The narrator mentions that there had been talk in Ghana about ridding the nation of corruption, but it did not stir much enthusiasm. The most corrupt people continue to escape consequences, while those with less power take the blame for the widespread crime. Again, the man realizes that it is fairly easy for people to get used to any conditions, even those that are dismal or unjust.
The interactions between the two couples highlight the class discrepancies in Ghanian society. When Koomson and Estella come to dinner, Oyo irons her hair to impress them, knowing that the rich are more Westernized. Estella does not want to drink the African beer, preferring rare European liquor, which she claims she could have procured. When she does decide to drink some beer, the narrator says Estella “reconciled herself to being an African,” as though consuming inferior local goods is associated with Ghana, whereas European products are more refined and suitable to her class.
The dinner scene allows the man to reflect on the great disparity between classes. He thinks,
In such situations he felt like a stranger from a country that was very far away. . . . It was awful, was it not, that the rich should have this effect on the poor, making them always want to apologize for their poverty, and at all times to sacrifice future necessities just so that they could make a brief show of wealth they could never hope to have.
The man considers how the poor must both feel shame for their own circumstances and seek to elevate themselves to be seen as worthy to the higher class.
It is no surprise, then, that Oyo, who aspires to be wealthy and influential, wants to be seen as part of a higher class when they travel by taxi to Koomson’s home. She earns the respect of the driver when she mentions the name of the area where Koomson lives. Then, she seeks to prove her worth by convincing the driver “it was her life, this hopping into taxis and being spoken to like a great woman.” On the other hand, when they are in the company of the Koomsons, he also notices that his wife lowers herself to her “superiors.” When she observes and asks about the recorder, the man thinks, “she had the ability to make herself sound exactly like an admiring villager. A trick to please.” In this scenario, Oyo senses her inferiority and must flatter those of higher status.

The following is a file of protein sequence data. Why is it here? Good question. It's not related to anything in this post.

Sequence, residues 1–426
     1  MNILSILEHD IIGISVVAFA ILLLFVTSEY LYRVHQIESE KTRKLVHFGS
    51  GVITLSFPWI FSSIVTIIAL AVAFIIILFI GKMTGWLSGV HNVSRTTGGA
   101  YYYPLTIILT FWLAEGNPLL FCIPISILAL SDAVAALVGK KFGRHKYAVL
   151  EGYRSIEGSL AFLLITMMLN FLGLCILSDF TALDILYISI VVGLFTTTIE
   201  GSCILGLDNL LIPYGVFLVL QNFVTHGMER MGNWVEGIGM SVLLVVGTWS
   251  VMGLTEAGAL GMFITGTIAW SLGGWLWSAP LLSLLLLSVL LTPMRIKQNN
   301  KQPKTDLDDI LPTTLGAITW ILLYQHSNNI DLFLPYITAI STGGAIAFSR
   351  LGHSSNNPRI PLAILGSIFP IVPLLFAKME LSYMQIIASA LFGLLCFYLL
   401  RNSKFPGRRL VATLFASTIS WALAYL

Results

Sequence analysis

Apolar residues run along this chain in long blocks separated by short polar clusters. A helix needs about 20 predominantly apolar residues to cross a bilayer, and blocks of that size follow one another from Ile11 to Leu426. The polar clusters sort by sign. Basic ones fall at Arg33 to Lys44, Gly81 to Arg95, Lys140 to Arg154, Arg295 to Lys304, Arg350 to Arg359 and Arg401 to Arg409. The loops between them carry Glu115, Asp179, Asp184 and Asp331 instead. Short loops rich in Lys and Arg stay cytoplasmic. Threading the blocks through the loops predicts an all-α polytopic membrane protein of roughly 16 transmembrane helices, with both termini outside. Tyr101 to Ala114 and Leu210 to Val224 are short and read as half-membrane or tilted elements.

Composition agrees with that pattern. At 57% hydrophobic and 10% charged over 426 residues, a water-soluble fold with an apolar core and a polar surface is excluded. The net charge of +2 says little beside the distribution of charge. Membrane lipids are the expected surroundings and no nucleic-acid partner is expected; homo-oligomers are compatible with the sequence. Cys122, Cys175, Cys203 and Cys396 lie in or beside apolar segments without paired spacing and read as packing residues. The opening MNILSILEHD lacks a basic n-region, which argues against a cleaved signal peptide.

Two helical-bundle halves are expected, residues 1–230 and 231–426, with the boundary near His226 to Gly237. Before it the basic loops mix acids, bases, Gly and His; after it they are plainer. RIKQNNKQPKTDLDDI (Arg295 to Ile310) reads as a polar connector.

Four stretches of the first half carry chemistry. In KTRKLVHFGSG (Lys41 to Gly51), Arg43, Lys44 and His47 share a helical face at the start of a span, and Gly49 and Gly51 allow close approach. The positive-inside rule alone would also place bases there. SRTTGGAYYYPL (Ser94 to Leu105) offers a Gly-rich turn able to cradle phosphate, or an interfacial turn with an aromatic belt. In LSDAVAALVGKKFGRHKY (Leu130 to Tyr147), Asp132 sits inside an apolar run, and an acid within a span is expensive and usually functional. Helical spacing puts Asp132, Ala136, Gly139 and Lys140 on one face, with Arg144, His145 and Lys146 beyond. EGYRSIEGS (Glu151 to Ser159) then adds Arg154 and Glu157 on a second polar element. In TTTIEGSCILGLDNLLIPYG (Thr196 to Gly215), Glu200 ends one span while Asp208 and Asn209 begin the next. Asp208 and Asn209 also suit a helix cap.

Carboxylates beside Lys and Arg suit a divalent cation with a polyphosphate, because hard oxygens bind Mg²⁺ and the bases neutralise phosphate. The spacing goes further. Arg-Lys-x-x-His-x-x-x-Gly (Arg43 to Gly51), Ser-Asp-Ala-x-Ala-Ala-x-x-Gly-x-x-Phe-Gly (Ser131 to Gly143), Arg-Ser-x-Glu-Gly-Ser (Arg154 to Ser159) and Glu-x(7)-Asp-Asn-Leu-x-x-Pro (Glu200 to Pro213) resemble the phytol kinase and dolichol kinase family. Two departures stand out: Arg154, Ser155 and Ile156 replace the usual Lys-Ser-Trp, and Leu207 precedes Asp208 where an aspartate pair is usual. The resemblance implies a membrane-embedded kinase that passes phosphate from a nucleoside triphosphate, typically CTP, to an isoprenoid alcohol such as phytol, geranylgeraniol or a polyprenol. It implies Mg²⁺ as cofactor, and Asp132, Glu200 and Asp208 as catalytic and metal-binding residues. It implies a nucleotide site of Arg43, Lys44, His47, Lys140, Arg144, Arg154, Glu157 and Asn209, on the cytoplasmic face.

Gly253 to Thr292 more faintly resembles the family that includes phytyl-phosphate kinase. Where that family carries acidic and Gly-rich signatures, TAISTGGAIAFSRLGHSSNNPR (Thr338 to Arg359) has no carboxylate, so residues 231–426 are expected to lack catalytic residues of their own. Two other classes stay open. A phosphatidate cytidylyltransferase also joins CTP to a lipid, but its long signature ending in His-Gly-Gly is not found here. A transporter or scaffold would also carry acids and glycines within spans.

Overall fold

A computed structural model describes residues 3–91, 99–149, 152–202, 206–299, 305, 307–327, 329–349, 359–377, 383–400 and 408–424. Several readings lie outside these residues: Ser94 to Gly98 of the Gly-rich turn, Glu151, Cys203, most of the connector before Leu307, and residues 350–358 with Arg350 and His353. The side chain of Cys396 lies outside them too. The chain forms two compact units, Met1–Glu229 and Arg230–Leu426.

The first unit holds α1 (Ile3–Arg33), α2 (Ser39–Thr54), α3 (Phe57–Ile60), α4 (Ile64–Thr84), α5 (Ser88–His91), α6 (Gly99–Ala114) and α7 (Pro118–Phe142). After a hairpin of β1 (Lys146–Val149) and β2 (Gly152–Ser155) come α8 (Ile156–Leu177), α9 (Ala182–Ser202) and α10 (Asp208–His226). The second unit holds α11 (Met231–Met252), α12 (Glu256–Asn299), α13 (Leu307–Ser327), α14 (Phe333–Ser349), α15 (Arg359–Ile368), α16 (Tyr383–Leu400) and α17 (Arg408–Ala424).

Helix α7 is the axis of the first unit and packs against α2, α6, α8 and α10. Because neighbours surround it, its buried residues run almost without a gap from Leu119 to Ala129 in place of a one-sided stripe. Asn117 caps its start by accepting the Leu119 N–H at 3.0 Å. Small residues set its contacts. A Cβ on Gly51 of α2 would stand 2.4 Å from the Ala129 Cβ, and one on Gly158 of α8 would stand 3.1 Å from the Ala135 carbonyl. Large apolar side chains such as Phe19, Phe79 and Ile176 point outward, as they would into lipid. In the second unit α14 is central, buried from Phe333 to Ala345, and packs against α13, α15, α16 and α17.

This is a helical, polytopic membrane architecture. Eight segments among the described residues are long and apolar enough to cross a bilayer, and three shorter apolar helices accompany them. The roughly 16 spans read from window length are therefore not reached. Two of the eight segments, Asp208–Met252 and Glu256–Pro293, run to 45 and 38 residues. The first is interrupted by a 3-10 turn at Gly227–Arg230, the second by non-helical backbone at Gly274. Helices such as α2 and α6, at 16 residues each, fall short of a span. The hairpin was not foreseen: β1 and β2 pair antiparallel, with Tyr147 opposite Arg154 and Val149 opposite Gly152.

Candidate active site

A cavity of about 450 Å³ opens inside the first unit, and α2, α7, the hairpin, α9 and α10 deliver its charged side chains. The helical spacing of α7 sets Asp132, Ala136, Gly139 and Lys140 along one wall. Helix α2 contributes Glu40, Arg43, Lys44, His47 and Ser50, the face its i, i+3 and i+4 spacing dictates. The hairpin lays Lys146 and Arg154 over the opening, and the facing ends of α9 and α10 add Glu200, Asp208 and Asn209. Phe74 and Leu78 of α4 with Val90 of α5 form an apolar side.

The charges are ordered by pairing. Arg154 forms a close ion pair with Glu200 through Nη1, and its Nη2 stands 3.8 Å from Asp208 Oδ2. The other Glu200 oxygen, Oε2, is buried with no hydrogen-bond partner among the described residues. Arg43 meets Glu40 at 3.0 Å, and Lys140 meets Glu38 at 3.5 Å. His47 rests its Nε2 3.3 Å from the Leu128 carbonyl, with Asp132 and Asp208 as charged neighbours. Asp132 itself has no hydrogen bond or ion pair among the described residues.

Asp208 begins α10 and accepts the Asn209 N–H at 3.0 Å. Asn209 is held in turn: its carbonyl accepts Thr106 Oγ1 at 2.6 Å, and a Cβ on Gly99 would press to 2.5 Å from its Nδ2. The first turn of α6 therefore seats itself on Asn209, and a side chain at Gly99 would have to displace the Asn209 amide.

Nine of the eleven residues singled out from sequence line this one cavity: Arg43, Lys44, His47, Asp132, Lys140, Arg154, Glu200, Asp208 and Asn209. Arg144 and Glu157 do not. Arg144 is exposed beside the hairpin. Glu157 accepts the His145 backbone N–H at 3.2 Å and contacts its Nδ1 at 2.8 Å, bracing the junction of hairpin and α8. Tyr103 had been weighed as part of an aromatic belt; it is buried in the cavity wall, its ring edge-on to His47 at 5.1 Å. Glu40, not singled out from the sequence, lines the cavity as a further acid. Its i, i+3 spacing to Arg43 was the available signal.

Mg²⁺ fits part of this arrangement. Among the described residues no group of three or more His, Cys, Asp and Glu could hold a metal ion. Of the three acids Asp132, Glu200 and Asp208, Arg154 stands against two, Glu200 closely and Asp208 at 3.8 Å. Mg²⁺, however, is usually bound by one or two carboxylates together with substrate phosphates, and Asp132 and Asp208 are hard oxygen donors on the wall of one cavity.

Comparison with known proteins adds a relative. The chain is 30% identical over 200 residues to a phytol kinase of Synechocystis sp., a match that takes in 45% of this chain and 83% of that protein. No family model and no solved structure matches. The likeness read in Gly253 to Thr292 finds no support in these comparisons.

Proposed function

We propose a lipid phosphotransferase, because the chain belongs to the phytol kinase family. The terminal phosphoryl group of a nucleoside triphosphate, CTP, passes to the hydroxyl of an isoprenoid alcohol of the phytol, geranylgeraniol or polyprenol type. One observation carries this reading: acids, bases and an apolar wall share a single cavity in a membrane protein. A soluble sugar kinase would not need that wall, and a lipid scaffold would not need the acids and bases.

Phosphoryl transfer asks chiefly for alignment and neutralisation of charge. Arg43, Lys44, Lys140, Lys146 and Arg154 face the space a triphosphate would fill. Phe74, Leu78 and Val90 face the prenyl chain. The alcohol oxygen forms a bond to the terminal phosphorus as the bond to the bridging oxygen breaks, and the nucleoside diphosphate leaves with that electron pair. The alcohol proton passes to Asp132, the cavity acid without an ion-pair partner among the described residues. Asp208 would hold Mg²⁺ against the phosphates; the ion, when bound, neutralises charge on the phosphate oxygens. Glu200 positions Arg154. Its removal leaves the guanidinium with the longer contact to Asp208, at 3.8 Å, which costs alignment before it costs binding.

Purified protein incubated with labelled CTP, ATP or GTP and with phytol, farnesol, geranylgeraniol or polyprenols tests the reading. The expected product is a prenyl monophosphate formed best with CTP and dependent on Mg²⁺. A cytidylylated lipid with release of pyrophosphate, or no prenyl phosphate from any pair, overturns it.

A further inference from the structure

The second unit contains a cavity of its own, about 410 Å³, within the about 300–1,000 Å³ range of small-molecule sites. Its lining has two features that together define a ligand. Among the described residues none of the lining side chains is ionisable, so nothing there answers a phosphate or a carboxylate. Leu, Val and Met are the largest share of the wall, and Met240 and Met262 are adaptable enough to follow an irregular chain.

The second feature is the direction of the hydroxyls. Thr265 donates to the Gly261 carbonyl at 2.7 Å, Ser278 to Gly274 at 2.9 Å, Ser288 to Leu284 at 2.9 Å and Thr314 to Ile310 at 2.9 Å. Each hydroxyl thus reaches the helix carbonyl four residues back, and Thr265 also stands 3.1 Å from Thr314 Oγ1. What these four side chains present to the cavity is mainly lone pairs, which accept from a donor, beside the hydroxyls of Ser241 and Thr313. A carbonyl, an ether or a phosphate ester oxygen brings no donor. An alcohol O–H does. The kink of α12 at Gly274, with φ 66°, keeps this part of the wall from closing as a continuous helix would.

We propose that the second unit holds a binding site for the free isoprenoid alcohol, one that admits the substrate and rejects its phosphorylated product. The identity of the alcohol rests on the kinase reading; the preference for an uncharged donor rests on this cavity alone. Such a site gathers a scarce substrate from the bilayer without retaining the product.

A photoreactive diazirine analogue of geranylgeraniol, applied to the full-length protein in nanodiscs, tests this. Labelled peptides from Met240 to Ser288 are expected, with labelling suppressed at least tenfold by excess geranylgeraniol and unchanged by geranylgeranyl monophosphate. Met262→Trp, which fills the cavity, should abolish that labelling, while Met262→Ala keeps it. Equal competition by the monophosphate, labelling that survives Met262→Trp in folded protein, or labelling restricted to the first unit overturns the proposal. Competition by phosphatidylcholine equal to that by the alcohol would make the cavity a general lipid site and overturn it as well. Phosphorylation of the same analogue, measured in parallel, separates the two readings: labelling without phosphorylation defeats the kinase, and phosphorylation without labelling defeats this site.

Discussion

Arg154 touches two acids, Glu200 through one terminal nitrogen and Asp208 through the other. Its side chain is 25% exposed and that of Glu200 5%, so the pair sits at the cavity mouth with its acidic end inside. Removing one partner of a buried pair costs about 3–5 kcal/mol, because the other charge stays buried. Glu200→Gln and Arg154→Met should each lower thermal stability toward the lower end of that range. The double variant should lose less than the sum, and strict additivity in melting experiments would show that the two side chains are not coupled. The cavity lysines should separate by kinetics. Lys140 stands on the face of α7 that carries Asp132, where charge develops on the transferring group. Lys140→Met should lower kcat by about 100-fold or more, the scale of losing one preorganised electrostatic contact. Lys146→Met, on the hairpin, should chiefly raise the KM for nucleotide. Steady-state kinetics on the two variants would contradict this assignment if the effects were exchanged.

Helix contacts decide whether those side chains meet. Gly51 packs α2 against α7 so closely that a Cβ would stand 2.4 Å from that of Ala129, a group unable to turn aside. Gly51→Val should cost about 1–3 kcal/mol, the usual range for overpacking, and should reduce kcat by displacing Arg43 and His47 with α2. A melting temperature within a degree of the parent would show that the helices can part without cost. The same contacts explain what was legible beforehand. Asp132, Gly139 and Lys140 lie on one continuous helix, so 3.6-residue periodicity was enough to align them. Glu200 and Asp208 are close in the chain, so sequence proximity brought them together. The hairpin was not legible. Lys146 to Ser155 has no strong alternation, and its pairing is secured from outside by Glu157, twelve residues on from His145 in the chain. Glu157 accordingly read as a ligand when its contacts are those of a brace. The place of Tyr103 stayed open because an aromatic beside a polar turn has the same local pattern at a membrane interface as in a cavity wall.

The man notices Koomson’s pretensions when he comes downstairs to greet the visitors in his home. He is “beaming with self-esteem” and tries to pronounce his steward’s African name incorrectly, like “white men trying to pronounce African names without any particular desire to pronounce them well.” Similar to Estella’s disgust at African beer, Koomson tries to distance himself from his African heritage in favor of what he perceives as superior European culture.
Significantly, the man feels envious of Koomson’s possessions in chapter 11 and begins to understand how difficult it is to hold to one’s principles in the face of such temptation. He wonders, “how was a man ever going to be able to fight against all the things and all the loved ones who never ceased urging that nothing else mattered . . . [but] the getting of these comfortable things.” The man seems to be losing his will to fight against corruption and the desires of his family to give in to bribes. Chapter 12 ends with a note on the country’s attempts to address widespread corruption, which is largely a failure. The net metaphor suggests that the truly powerful and influential will always escape repercussions: the “net [catches] only the small, dispensable fellows, trying in their anguished blindness to leap and to attain the gleam and the comfort the only way these things could be done.” This figure of speech highlights how pathetic the “small” are in this unjust system; they are only trying to attain what “the big ones” have and by similar means.